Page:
Freedman's premise is tempting. He is dealing with some real issues. The world is getting more complex and change is occurring at an accelerating rate. Most share a sense of anxiety about uncertainty of the future.
What is interesting about Freedman's article is how many hidden assumptions there are and how much it derives from an unstated postmodernist, statist, indeed, authoritarian mindset. But there are interesting nuggets throughout. The College Board states that an average student needs an SAT score of 500 in English and Maths in order to anticipate earning at least a B- at an average college.
How many high-school students are capable of meeting the College Board benchmark? This is not easy to answer, because in most states, large numbers of students never take a college-entrance exam (in California, for example, at most 43 percent of high-school students sit for the SAT or the ACT). To get a general sense, though, we can look to Delaware, Idaho, Maine, and the District of Columbia, which provide the SAT for free and have SAT participation rates above 90 percent, according to The Washington Post. In these states in 2015, the percentage of students averaging at least 500 on the reading section ranged from 33 percent (in D.C.) to 40 percent (in Maine), with similar distributions scoring 500 or more on the math and writing sections.Overall though, the article is a marvelous example of sloppy argumentation which has become the received wisdom.
Many people who have benefited from the current system like to tell themselves that they’re working hard to help the unintelligent become intelligent. This is a marvelous goal, and decades of research have shown that it’s achievable through two approaches: dramatically reducing poverty, and getting young children who are at risk of poor academic performance into intensive early-education programs. The strength of the link between poverty and struggling in school is as close to ironclad as social science gets. Still, there’s little point in discussing alleviating poverty as a solution, because our government and society are not seriously considering any initiatives capable of making a significant dent in the numbers or conditions of the poor.Makes sense, seems reasonable, and seems to comport with common sense. But is it true?
Notice the elision between intelligence and educated. Other than basic nutrition and mental stimulation in the home environment in the early years (0-2 especially but still noticeable 0-6 years of age), there is no known way to make someone more intelligent if by intelligent we mean IQ. IQ is heritability plus adequate nutrition plus early cognitive stimulation. We can help people become more educated but there is little we can do institutionally to make individuals more intelligent.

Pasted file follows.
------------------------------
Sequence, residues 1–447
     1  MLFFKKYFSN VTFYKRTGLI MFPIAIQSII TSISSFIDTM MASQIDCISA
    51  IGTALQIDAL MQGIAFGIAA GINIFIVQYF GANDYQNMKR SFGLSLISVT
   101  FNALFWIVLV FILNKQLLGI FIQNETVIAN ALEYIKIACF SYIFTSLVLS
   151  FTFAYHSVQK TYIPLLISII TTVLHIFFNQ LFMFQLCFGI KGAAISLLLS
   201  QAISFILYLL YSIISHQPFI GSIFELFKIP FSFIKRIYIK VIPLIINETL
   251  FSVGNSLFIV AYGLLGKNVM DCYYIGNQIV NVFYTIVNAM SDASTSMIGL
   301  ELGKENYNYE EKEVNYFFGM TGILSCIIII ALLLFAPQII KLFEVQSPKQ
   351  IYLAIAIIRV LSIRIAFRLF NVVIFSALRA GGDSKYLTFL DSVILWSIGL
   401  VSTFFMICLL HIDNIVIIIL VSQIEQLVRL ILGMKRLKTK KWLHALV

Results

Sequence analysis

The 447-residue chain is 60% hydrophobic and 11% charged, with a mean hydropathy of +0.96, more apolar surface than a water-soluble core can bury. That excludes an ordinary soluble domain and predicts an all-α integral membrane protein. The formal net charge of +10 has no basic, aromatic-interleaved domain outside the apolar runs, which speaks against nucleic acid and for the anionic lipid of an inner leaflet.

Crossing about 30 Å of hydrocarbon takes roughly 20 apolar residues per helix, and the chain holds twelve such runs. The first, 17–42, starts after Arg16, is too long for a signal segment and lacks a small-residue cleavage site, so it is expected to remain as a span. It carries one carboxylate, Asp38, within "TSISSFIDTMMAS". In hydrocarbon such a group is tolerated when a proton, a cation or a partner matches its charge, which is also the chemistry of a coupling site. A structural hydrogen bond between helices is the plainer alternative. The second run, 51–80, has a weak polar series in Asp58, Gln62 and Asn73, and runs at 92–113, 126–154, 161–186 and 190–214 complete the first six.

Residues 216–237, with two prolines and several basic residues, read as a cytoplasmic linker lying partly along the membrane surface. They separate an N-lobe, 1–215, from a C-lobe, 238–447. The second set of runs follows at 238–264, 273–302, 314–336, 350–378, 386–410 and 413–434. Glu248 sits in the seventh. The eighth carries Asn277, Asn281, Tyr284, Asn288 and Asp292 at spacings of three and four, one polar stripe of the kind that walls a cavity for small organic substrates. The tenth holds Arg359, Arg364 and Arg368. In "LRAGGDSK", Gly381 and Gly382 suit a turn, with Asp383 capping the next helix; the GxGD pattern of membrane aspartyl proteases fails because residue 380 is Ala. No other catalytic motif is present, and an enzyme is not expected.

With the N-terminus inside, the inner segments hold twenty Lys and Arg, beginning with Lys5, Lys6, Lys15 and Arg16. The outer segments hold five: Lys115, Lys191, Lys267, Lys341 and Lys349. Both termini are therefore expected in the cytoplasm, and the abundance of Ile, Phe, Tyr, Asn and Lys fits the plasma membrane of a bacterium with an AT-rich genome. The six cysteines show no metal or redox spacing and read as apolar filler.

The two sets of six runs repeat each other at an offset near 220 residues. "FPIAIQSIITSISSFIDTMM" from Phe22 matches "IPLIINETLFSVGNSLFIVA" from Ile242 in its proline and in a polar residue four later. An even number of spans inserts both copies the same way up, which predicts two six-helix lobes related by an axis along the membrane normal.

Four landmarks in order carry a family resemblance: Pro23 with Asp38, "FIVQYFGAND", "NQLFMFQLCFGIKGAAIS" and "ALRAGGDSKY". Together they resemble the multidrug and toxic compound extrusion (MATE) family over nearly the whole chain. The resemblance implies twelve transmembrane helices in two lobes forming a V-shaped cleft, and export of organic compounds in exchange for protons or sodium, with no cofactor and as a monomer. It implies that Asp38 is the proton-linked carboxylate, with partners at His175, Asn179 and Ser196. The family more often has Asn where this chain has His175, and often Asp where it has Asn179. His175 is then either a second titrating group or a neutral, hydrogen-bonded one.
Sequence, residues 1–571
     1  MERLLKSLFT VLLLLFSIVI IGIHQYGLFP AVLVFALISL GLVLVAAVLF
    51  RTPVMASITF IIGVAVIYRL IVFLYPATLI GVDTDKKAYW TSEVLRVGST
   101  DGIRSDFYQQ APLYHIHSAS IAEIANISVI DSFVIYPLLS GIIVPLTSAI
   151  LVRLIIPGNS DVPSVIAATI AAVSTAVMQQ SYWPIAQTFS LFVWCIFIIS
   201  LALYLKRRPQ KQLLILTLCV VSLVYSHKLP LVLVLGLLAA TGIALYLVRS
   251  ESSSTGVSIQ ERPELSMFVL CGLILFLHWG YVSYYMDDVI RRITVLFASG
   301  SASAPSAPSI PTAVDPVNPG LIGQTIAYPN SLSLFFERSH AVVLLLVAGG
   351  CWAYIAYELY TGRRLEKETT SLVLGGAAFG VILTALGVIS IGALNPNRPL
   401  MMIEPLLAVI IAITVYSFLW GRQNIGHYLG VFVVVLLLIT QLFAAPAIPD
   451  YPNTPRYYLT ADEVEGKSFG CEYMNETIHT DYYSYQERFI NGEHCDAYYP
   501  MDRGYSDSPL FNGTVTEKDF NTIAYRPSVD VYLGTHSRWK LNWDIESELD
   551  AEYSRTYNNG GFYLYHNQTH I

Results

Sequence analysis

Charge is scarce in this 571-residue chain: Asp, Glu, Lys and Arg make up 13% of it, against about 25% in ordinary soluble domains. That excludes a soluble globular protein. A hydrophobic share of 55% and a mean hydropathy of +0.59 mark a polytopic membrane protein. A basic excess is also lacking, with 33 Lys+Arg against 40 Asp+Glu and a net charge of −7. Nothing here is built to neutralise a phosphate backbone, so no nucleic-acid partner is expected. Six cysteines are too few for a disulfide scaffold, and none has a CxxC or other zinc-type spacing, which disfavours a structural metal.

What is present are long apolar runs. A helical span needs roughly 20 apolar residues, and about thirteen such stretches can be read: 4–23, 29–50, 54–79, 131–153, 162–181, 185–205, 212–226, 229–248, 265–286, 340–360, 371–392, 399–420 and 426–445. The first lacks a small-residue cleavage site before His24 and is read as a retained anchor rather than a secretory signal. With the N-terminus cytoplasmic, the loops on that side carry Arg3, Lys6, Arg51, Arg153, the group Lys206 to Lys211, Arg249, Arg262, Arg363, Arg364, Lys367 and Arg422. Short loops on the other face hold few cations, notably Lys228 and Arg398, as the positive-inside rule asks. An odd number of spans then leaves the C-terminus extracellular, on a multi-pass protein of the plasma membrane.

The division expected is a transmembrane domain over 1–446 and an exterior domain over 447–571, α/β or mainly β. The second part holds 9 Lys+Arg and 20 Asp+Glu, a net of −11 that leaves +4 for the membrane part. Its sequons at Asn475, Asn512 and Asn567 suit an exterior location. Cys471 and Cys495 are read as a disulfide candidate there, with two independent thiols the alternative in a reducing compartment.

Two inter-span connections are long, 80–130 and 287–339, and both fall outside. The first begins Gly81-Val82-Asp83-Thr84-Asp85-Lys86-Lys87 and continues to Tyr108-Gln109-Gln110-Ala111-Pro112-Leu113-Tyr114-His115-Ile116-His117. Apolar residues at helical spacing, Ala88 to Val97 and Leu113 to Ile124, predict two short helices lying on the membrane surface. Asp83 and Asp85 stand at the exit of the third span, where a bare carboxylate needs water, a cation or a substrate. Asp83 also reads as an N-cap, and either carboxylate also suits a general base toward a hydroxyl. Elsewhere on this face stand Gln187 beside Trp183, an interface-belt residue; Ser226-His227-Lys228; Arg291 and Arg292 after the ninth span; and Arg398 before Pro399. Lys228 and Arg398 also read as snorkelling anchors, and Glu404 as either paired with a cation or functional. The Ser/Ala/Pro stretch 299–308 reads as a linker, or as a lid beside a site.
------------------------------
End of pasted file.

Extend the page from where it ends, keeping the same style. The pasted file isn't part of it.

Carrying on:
Ironically, in an article predicated on the stated assumption that we are mistaking intelligence for human worth, the author slips in the unstated assumption undergirding that mistake. If the sole measure of value is intelligence (which the author argues against), then it is perfectly logical to argue that it is a "marvelous goal" to make people more intelligent. But if human worth is inherent, and I agree that it is, then intelligence is only one of many attributes constituting any individual and the status of intelligence is irrelevant. The author cannot have it both ways, that intelligence is a wonderful thing to increase, but that human worth is independent of intelligence.
I agree that human worth is inherent. I also recognize that every person has much to contribute and only sometimes is intelligence a critical component of that contribution. But there are many contributions which are substantially dependent on intelligence.
But the bigger issue is the assumption that there is an authority whose business this is and which has responsibility for achieving it. Some Leviathan. This is the sloppy authoritarianism which is so prevalent. If you accept that all human lives have inherent worth, and if you are a classical liberal, then you also believe that is up to the individual to make of their life that which they might wish. It is not up to the hidden leviathan to make you something different than you are or would want to be.